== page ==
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January 1, 2009
Zimbabwe crisis persists though absent from headlines

Recently, the humanitarian crisis in the African country of Zimbabwe was front-page news, with reports of widespread hunger and a growing cholera epidemic. That story has been pushed aside by other events in days since, but the crisis there has not eased — and the cholera death toll has now surpassed 1,600

Andrew Meldrum, a senior editor at GlobalPost, reported from Zimbabwe for more than 20 years and joins Martin Savidge to discuss the state of the country’s health sector and how the U.S. can respond to the crisis.

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Comments

3 comments

#3

Tim,

You simply dismiss my argument of the West’s true dislike of Mugabe based on his rejection of neoliberalism economic policies by calling it ‘absurd’ and not provide evidence to support it. Perhaps I would like to refer you to the implementation Mugabe made of IMF’s Structural Adjustment Programs during the early 1990s, which resulted in an awful economic meltdown much like today’s, and what happened after Mugabe rejected IMF’s SAP. Only does the West despite Mugabe’s stance on SAP, but the fact that Mugabe implemented restriction on foreign investment in the Zimbabwean economy i.e. requiring black Zimbabweans be the majority owners of any company operating in Zimbabwe, on top of nationalizing the mining industry, speaks volume to what the U.S. despises about Mugabe. Britain also hates Mugabe for this, but Britain also hates Mugabe for his land reform program as the land was taken from their white ‘kith and kin’ – the Rhodesians.

Your understanding of the sanctions shows a complete lack of knowledge of what sanctions are. Perhaps you need to read Bush’s ZDER Act of 2001 and the various sanctions Britain and EU imposed on Zimbabwe. Obviously you’re just regurgitating what you’ve read in the Western press about the sanctions, rather, why don’t you spend some time reading the sanctions themselves. Sanctions, among other things, include a cut-off to credit, borrowing, doing business with other countries (no U.S., Britain, or EU based companies are allowed to do business with Zimbabwe) – so stop reading me the b.s. the West is trying to feed us about how the sanctions only affect those who cooperate or support ZANU-PF. Since you claim the ‘sanctions are not the cause’ of Zimbabwe economy meltdown, provide your evidence to support this without dismissing it; otherwise I would assume you’re incapable of sticking to facts.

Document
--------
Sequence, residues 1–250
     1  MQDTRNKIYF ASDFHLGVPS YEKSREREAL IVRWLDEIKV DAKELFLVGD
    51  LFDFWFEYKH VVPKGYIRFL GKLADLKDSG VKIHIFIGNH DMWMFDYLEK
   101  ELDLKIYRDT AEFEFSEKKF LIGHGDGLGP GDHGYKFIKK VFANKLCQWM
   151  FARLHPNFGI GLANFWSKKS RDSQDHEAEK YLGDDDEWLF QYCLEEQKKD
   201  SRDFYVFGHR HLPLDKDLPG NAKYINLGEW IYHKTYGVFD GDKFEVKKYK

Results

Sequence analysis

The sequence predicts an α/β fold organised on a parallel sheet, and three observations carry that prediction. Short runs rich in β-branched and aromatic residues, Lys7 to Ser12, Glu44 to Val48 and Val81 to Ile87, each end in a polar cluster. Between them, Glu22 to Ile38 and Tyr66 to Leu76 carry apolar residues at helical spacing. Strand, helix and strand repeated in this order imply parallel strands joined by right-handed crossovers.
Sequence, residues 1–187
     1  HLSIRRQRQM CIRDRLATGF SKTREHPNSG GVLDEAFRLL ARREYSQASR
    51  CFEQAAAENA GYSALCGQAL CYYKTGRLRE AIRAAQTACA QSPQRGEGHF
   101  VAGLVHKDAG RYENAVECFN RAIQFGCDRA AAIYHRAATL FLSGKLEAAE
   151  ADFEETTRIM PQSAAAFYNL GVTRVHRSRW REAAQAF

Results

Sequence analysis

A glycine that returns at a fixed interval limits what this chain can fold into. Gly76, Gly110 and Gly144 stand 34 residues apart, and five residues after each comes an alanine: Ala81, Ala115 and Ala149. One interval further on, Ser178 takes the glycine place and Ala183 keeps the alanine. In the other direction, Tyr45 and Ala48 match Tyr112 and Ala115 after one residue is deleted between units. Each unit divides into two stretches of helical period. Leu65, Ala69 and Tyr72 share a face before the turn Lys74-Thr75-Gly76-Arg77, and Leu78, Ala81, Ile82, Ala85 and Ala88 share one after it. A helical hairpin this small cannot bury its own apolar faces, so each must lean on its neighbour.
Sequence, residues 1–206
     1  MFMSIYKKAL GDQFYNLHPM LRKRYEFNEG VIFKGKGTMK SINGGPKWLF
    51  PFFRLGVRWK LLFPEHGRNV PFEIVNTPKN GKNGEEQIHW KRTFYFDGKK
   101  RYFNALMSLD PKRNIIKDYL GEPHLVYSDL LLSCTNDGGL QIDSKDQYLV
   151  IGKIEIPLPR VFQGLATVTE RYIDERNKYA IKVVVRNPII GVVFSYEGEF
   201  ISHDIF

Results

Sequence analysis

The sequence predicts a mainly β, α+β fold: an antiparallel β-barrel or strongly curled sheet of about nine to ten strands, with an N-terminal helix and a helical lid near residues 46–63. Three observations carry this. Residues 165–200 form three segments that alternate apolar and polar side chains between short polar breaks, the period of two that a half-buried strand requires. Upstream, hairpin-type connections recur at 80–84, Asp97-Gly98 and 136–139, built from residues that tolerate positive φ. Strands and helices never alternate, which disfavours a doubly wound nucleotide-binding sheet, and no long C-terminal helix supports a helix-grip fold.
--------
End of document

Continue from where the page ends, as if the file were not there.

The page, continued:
Again, I pose a ‘provocative question’ because unlike you, I’m willing to be open-minded and question everything – not just accept what one side tells me. Like before, you simply dismiss my question since it inconveniences your accepted views without questioning them. I really don’t care for either of these man -Mugabe and Tsvangirai – but what I care about are the facts, both pleasant and unpleasant. More importantly, you claimed my question is ‘without merit’ because you haven’t spent a single minute of thinking about the question. Please do your homework before dismissing anything contrary to your views. SADC’s ruling in November recommended both parties, ZANU-PF and MDC, SHARE the Home Ministry – a compromise Mugabe accepted, but Tsvangirai, like the little good pet he is, “consulted” with Britain and the U.S. ambassadors, then rejected. But like you say, SADC is impotent because it refuses to call for Mugabe’s removal like the West, so therefore whatever SADC rules is failure and irrelevancy as long as it wants both parties to govern together; only what your wonderful West says is important and true. I wonder why that is, hmmm? If Mugabe wasn’t so good at administering, perhaps we would’ve already seen his demise, but you won’t admit that because it’s too easy to just dismiss him as incompetent. You probably don’t even remember how the West used to praise him and shower him with medals as a ‘visionary’ leader who created the best education and healthcare system in Africa. Unlike you, I wish Tsvangirai was half as good as Mugabe as a politician, but unfortunately he is not and that is why the MDC under his leadership broke into two factions – I bet you didn’t know that.